Why Africa Matters

by Cedric Mayson

Orbis Books, P.O. Box 302, Maryknoll, NY 10545-0302, 198 pages, 2010, $20.00.

Reviewed by Mike Nichols, program director for intercultural studies at Lincoln Christian University; former missionary to the Democratic Republic of Congo.

Cedric Mayson wants to save the world from extinction and he claims Africa has the answer.  Drawing on personal lessons learned in the struggle against Apartheid, he makes a passionate plea to the world to embrace the African concept of ubuntu, which represents the well-being that comes from interaction, inter-dependence, and bearing one another’s burdens. Mayson feels this experience has been largely neglected and lost in Western civilization.

The book is structured as a defense against what Mayson calls the five horsemen of the Apocalypse—religion, economics, politics, ecology, and the media—all representing restrictive structures from which we need liberation. The author speaks with credibility as a white African who battled the oppression of Apartheid. He critiques individualism and greed in its many forms, as well as the spiritual-secular divide the West has forced on the world. In his mind, Africa has resisted this pressure and now provides a platform to help the rest of the world return to its “primal roots.”  

Evangelicals will not be happy with many of his basic assumptions. Mayson is a Methodist minister who has “progressed” far from the teachings of John Wesley, putting Jesus on par with Muhammad and preaching a liberation theology which strays far from Christian orthodoxy.  Mayson sees through a humanistic evolutionary lens and has no room for a creator-redeemer God in his solution for the world. He uses spiritual language to call every religion—from African traditional religions to atheism—to come together in a post-religious spirit of humanness, comprising a “secular spirituality.”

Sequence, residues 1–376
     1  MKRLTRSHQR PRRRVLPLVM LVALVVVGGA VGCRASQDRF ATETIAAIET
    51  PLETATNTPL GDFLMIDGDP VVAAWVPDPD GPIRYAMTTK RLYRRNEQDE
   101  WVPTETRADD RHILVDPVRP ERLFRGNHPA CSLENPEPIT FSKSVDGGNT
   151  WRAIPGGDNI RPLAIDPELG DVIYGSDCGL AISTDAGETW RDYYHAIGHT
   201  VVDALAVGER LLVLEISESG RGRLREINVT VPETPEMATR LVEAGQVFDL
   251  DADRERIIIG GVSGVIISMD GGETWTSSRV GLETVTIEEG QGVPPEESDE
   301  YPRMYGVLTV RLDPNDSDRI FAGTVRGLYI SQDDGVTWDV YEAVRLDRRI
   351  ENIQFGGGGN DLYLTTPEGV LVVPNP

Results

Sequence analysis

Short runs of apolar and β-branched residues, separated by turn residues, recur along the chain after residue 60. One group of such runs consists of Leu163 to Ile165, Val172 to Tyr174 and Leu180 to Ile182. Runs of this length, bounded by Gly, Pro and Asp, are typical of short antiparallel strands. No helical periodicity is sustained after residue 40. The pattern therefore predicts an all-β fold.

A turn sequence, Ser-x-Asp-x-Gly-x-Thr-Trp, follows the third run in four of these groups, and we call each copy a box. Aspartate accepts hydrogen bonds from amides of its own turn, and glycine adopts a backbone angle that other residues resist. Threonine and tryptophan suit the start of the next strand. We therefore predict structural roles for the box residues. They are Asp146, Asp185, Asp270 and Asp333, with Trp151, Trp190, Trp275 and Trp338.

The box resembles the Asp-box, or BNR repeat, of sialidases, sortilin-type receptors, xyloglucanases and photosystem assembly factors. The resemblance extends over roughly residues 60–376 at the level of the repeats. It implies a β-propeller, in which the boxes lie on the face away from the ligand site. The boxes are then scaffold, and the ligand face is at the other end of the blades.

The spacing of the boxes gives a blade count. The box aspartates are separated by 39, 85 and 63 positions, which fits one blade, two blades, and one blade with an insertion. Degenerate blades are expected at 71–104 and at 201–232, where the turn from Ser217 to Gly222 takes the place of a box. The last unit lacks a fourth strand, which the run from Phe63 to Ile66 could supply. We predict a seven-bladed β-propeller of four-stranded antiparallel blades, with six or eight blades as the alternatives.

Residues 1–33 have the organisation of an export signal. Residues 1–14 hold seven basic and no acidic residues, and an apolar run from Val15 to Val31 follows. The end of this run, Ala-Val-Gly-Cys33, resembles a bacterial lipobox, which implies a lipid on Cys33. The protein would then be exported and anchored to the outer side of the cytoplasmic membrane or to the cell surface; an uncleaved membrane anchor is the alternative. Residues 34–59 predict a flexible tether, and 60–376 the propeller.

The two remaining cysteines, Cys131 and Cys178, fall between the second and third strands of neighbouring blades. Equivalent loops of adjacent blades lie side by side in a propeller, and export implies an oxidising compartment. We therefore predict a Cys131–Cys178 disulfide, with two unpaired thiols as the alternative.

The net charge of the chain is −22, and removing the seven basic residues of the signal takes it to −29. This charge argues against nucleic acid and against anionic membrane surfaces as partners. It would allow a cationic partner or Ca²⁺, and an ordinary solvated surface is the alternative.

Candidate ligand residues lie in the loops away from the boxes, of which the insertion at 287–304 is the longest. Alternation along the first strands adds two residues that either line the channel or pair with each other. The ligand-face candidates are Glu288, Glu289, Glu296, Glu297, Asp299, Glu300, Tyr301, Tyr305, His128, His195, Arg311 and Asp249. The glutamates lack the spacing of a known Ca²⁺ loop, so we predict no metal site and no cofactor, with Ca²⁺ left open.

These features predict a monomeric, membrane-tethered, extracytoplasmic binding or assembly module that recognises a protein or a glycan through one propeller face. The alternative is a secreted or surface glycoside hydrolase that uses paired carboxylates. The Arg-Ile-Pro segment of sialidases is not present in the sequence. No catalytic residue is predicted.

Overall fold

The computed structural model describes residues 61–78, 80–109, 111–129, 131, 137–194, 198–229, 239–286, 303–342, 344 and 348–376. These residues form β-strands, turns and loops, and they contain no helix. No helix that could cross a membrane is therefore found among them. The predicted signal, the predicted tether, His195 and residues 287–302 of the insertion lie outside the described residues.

Mayson makes a sincere call for the values of “cooperation and compassion,” his strongest example being post-Apartheid South Africa’s astounding choice to resist revenge; however, he fails to provide a solid foundation for these values, other than claiming all religions have similar morals. The book provides a strong critique of free market capitalism, but it supports an “African socialism” without critiquing its own issues of corruption and lack of incentive. I agree with Mayson’s call for liberation from unjust structures, but he makes no mention of the fallen human heart. I resonate with his vision of “everyone getting along,” but find this ideal impossible to attain without the atoning work of Christ and the sanctifying work of the Spirit.

This continent of over fifty nations and over one thousand different ethnic groups is over-generalized with phrases like “Africa thinks” or “Africa knows.”“The West” is another general category frequently utilized which does not accurately describe our globalized world, and fails to help us move past simplistic “colonial whipping boy” arguments. Mayson speaks of Africa’s ancient past in almost utopian terms and more recent examples of African violence and corruption are presented as results of colonialism. Certainly, Africa has much to give, but it clearly has much to answer for. The world’s complex problems will only change as both individual hearts and unjust structures change—true, transformational change must come from a perfect God rather than an imperfect Africa.

Even though I disagree with the author’s basic assumptions, this book is worth reading. Evangelicals need to know what liberation theologians are saying to us and the larger world today.


EMQ, Vol. 47, No. 2, pp. 255-256. Copyright  © 2011 Evangelism and Missions Information Service (EMIS).  All rights reserved. Not to be reproduced or copied in any form without written permission from EMIS.


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